In a Championship season already earmarked more than most as a year where anything can happen and anyone could win the fight to reach the Promised Land, a multitude of sides are surprising the second tier with excellent starts to the season and shock places in the top six come October. That of course means that some members of the established top order have dropped down, but none quite so much as the impossible club: Middlesbrough.
For Boro, their existence has become much of a muchness in recent years, triggered by their last promotion-winning campaign four years ago and the immediate relegation from which they have never truly recovered.
If last season was deemed a failure for narrowly missing out on promotion while playing dire football, then the current campaign is a catastrophe. Middlesbrough were right to get rid of former chief Tony Pulis, but it has been near-constant missteps since, none more so than hiring rookie Jonathan Woodgate as the new boss. Goodwill for former players is all well and good when the going is just that, but this false start has already put paid to any early-season hope of promotion.
This is not like Derby County, for whom a man with previous success in long-term posts has been appointed to oversee a lengthy period of success where immediacy is not the priority.
Middlesbrough are thinking and looking short term because that is exactly where they have left themselves. With a young manager usually comes an experienced number 2, but at the Riverside they have appointed a man half a year younger in Robbie Keane whose sole coaching experience was just a few months with the Ireland national team. The fact that this Middlesbrough team is faltering this much is no surprise.
They may be rid of the baseball cap-cladded Pulis, but home runs are still hard to come by, Tuesday’s 1-1 draw making it just two wins at the Riverside this season and no league matches where more than one goal has been scored.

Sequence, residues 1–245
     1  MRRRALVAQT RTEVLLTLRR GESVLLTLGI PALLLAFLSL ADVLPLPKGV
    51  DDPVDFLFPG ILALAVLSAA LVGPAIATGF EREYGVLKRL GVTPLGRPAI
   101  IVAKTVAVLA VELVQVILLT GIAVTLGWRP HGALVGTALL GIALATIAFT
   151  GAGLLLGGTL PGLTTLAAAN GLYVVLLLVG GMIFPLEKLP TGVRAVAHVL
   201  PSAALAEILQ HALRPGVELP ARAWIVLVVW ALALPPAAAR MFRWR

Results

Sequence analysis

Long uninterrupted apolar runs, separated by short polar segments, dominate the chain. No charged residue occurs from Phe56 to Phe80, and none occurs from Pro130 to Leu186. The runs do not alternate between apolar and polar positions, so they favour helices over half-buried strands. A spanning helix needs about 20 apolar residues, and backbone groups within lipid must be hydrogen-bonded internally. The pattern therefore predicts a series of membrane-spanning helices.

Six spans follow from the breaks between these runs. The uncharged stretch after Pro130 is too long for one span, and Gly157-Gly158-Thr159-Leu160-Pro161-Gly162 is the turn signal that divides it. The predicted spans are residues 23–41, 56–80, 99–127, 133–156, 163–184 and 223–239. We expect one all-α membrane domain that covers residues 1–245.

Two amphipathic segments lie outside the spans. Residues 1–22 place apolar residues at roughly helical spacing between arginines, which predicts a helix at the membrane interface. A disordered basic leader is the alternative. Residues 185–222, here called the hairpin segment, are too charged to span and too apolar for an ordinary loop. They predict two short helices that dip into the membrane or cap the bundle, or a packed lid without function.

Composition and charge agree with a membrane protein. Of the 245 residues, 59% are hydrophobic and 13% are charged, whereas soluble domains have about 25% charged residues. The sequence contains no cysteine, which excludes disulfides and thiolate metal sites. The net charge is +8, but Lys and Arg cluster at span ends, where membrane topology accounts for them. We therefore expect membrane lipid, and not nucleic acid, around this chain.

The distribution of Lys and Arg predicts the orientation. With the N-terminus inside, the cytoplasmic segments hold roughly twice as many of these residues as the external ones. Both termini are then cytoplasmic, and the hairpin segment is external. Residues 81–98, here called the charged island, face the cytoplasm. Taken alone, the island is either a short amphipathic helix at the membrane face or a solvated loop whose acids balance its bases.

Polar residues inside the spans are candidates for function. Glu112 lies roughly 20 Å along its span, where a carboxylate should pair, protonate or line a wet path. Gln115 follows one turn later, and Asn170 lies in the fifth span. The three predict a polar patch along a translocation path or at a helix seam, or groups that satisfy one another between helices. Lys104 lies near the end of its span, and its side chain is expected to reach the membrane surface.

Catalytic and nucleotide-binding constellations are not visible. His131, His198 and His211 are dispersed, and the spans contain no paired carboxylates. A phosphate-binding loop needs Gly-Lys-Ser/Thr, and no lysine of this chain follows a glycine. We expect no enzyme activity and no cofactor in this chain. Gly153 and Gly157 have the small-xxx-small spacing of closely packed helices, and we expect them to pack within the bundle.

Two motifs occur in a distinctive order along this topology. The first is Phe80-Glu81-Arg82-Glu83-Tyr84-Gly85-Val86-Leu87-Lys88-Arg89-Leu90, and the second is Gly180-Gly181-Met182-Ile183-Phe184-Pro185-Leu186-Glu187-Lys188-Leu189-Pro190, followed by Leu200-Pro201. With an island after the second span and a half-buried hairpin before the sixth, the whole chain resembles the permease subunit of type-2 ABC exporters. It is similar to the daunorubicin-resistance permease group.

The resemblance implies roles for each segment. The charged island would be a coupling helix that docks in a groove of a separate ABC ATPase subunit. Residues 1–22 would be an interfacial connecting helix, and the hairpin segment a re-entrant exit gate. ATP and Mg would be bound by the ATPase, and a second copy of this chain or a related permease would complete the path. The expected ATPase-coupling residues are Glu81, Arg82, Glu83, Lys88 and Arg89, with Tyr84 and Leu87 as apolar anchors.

Stretching back to 2018/19, even a late surge in results which led to that near-play-off campaign did little to stem the flow of happiness on Teesside, owing to the fact they have scored more than once on just two home occasions this calendar year.
A fortunate own goal in midweek followed by a missed sitter to win by Britt Assombalonga sums up their misery in front of the opposition net.
Fan numbers are dwindling and the atmosphere in this corner of the north-east is becoming non-existent. It seemed last season there was no point in winning if the fans were not entertained. Now there doesn’t seem a lot of point at all.
The start to the current campaign offered false reprieve, that 3-3 opening night at Luton Town exhilarating for the neutrals and a false dawn for the Boro faithful. The leaky defence remains, but the attack has reverted to levels akin to last season. Eight-figure man Assombalonga has just three goals to his name while the ever-dejected Ashley Fletcher has not scored a league goal since that opening day of the season.
Woodgate may be popular in these parts, but he now bears the shoulders that will carry the majority of the blame. It is widely accepted that he was not the optimum choice, the best choice, or even the fans’ choice; he was the cheap option at a club tightening their belts.
All in all, this is a club being asked a multitude of questions with not one iota of an answer available. Only the dirge that is the current bottom three is keeping Middlesbrough out of a genuine relegation battle. That is not good enough for a club of this magnitude.
When Middlesbrough needed experience, they went for youth. When Middlesbrough needed excitement allied with points, they got neither. What this impossible club needs now is nothing short of a miracle.
Nathan Spafford – follow him on Twitter